If you’re a listener of this show, you probably know the importance of storytelling in conveying your message and value proposition, but do you understand the art and science behind it? Jill Pollack, is a storytelling guru who joins us today to break down what makes a good story, and where to even start when it comes to sharing ours, or our company or organization’s. Jill is the founder and director of Story Studio Chicago, an award-winning communications consultant, writer, editor and speaker and this is just the tip of the iceberg. With a degree in theater, storytelling has been her passion for as long as she can remember. But after too many years working in places that stifled her creativity, she jumped ship and started Story Studio, where they teach writers of all levels how to tap into their creativity, get published, or get noticed with their work. In this episode, we dive into the necessity of storytelling in both the creative and business fields, how science is now pinpointing how and why stories work inside our brains, and how to get rid of the fear and self-doubt in trying to write your story. If you have ever struggled with how to begin telling your story, then this is a must listen. What role does storytelling play a role in your business? What work have you done to develop your storytelling muscles? Drop us a comment below!   In this episode: Why businesses need to be thinking about storytelling seriously Some of the most crucial elements of effective storytelling Tips on how to keep focused and be more creative How to strip away the self-doubt and insecurities when sharing your story One thing you can do today to create more creativity in your life   Quotes: “There’s not a ton of science yet, but there is certainly enough for us to begin pointing to experiments that have shown us exactly how stories work in the brain.” (10:53) “In content marketing, we know we don’t sell; we start a conversation and stories are all about conversation.” (12:45) “The first place we tell people to look is to look beyond yourself and think more about who you’re talking to, who is the audience and what do they need?” (17:46) “I think for somebody who feels like they have lost that creativity, I would say to them, strip everything else out of your life and find those moments where you can just sit and think. Where you can write or draw but it’s so hard for us to turn things off and we have to, the screens have to go off.” (29:31)   Links: StoryStudio Chicago  Follow StoryStudio on Facebook | Twitter | LinkedIn Follow Jill on Twitter  Story Studio Words For Work Essentialism (Book)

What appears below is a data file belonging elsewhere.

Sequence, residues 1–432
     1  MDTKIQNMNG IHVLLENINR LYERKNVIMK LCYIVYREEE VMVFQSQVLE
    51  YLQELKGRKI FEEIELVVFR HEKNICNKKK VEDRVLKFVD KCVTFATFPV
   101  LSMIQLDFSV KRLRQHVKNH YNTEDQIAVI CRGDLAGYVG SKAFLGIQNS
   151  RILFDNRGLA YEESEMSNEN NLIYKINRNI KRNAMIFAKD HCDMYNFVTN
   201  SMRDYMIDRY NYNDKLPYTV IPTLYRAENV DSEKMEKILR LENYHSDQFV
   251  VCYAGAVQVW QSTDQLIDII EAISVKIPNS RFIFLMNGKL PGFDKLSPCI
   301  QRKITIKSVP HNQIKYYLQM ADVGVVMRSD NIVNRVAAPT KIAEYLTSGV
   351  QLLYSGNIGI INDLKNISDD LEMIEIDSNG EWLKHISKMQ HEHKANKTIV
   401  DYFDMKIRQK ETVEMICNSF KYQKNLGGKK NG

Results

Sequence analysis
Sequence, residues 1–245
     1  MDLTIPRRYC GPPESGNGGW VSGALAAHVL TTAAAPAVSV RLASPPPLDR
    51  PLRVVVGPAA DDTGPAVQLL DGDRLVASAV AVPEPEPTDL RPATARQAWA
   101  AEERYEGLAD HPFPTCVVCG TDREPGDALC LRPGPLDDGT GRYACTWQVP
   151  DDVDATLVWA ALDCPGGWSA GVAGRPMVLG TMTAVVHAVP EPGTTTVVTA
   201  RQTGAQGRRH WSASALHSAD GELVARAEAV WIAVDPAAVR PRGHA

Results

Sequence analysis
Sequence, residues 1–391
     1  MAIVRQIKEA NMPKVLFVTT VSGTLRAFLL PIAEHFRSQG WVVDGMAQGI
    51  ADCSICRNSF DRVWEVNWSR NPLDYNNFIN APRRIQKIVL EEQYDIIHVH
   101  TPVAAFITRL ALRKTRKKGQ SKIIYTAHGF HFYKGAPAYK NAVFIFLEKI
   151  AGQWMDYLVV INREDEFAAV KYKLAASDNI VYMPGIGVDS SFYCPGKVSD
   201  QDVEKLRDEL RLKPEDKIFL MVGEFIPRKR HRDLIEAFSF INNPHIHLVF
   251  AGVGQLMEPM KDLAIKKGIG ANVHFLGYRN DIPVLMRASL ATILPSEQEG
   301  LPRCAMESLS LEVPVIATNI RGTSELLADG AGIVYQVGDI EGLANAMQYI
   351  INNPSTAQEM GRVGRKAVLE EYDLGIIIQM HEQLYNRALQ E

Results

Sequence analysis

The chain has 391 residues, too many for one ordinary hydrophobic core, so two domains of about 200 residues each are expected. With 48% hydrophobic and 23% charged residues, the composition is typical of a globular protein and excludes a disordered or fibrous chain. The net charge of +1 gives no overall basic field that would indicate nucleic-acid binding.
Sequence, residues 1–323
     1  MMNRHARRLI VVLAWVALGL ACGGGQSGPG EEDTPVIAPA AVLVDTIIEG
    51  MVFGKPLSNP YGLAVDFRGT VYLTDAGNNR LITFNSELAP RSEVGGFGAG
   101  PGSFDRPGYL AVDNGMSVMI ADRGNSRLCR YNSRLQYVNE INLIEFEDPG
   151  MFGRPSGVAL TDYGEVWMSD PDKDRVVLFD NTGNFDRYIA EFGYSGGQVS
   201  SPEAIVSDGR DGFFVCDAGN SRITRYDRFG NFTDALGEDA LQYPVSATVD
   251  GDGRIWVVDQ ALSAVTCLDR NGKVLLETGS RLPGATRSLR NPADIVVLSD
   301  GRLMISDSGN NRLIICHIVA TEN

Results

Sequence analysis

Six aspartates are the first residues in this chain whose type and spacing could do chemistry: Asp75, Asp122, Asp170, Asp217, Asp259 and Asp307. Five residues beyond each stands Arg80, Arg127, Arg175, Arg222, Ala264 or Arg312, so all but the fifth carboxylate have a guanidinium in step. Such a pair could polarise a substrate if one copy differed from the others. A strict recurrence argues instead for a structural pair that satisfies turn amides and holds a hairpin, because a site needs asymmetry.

Confession time: It took me almost 10 years of running my business and managing my employees to finally become comfortable with the word “boss”. I just didn’t want to be that guy, I wanted to be a part of the team. And I know I’m not the only one The thing I realized however, is that for my team to succeed and achieve its potential, it needs me to be the boss and to own that role. That was a pivotal moment in my business career that I look back on, but I know I still have a long way to go in improving myself in that regard. René Boer is the co-author with Geno Wickman of How To Be A Great Boss and he joins us on the podcast today to share some of the insights he’s gained in a 30 year business career working with brands like Pizza Hut, Arby’s and Jamba Juice. As an EOS implementer René has worked with hundreds of leaders and managers, helping to align them around a shared vision and gain traction while improving team health. Are you “The Boss” in your organization? How do you feel about your role, is there room for improvement? Let us know your biggest takeaway from this episode in the comments!   In this episode: The 5 things you need to be doing as a leader The 5 things you need to be doing as a manager The importance of vulnerability and humility as a leader Why you need to be scheduling clarity breaks 4 Simple truths to being a great leader     Quotes: “You have to constantly be asking yourself ‘Am I earning people’s respect?’ You can’t command that, you must earn it.” [8:47] “If the boss would spend more time asking questions, and you get the employee talking, they actually solve the problems themselves.” [28:14] Links: How To Be A Great Boss  Find René Online